Another Look at the Grito de Yara* / Fernando Dámaso


Nobody can deny the foundational importance of October 10, 1868 for the Cuban nation. Though twenty years before Narciso Lopez had, for the first time, unfurled the national flag calling for combat against the oppressor, though his voice was not listened to then, the opposite occurred in Yara, when Cubans, conscious of their nationhood, responded to the call of Carlos Manuel de Cespedes.

This historic feat, praised and respected by all generations, is generally presented only from the point of view of the heroism and selflessness of its protagonists, ignoring the economic interests, which had a fundamental role and that should not be forgotten. Many of those who rose in arms that day, maybe most of them, were rich landowning Creoles who for some time had been conspiring against Spain, as their interests in expansion clashed with the restrictive policies it ordained, that constrained their development.

They, other than their national sentiment, which without a doubt they possessed, needed to throw off the Spanish yoke that smothered their businesses and, as a result, the garnering of profits, needled by what was happening further North, where the United States was rapidly becoming a world power, with a regime of liberty and rights, that constituted the example to follow.

It is not surprising then, that even Carlos Manuel de Cespedes, in the beginning, supported annexation to the American Union, though he soon gave up on that idea, focusing his efforts on obtaining Independence. It must also be pointed out, if we are to be one with historical truth, that the initial call for emancipation of the slaves included indemnity for their owners and their incorporation into the uprising’s army as condition of their liberty, something that was only eliminated months later in the Assembly of Guaimaro, where the total abolition of slavery was decreed.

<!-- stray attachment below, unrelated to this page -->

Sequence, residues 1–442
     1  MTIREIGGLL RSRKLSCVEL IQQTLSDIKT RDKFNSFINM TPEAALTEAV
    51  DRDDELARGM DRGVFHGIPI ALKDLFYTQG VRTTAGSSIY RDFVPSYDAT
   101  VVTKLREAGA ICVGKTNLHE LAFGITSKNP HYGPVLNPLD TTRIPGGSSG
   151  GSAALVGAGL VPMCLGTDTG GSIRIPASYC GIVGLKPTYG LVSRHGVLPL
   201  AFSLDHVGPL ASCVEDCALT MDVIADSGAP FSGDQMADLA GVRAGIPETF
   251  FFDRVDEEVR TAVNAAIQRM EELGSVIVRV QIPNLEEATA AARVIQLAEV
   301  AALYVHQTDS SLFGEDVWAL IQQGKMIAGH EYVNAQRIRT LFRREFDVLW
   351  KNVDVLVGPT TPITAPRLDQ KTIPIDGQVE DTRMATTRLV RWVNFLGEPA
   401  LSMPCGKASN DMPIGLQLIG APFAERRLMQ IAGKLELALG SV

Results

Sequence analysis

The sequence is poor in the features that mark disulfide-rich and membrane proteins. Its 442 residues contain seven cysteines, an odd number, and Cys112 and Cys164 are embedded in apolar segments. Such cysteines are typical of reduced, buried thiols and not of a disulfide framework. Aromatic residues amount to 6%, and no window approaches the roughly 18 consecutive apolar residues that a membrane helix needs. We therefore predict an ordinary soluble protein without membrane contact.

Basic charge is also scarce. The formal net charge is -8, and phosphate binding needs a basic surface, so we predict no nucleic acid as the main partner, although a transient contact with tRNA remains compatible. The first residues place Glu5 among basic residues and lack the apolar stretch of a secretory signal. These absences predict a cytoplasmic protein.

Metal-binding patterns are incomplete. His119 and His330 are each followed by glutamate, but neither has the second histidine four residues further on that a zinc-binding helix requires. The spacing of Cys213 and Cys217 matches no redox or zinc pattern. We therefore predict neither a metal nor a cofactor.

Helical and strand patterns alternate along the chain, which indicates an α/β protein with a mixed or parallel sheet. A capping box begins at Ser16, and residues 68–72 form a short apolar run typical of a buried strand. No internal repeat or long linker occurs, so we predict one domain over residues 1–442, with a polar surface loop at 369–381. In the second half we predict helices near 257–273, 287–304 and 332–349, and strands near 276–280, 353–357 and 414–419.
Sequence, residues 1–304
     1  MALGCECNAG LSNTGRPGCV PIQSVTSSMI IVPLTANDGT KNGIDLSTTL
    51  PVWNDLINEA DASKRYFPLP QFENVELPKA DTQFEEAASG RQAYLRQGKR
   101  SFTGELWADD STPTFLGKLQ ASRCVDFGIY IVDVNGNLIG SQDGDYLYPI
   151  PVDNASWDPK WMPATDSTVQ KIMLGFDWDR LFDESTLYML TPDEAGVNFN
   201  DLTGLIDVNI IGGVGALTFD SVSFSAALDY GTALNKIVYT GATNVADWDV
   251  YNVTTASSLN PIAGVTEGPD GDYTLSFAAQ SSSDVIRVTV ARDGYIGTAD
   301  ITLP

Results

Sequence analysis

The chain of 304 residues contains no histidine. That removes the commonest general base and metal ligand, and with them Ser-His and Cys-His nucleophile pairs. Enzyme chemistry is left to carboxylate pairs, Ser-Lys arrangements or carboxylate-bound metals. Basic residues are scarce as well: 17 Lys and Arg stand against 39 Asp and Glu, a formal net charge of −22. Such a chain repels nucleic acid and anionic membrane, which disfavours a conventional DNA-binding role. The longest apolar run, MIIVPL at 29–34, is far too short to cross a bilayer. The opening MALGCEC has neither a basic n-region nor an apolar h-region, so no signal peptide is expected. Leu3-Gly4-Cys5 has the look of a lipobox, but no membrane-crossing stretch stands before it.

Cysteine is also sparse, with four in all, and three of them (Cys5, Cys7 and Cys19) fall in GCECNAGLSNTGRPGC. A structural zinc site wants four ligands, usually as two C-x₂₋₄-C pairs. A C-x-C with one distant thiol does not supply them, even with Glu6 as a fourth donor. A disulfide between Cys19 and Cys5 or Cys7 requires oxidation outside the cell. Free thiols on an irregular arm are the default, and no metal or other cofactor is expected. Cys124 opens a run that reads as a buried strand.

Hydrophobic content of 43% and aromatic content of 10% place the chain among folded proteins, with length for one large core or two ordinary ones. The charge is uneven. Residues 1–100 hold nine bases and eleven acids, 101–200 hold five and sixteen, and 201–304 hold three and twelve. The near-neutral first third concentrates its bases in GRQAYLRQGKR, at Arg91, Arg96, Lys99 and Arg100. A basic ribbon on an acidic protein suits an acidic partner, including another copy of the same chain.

As can be appreciated, historical facts are not simple and crystal-clear, as they are sometimes presented. They are influenced by interests of a different nature, material as well as moral, that far from diminishing their value, make them more real, and illuminate their protagonists not as gods of purity come down from Olympus, but as mere mortals, with light and shadow, that sometimes are right and sometimes are mistaken, but that are capable of imposing themselves over their difficulties and reaching their objectives.

On October 10, 1868 patriotic and economic interests conspired. The same has happened in other historical moments of the Cuban nation, up until our days. Today, the same as in 1868, the political and economic chains imposed by the model, hinder the development of citizen initiative and that of its the productive forces. To overcome this anachronistic situation is everybody’s obligation, so that the country can advance, eliminate the accumulated misery and take its rightful place among free nations, a place it once held thanks to the work of all her children and that, because of erroneous policies, it lost.

*Translator’s Note: The Cry of Yara.

Translated by: lapizcero

October 13 2011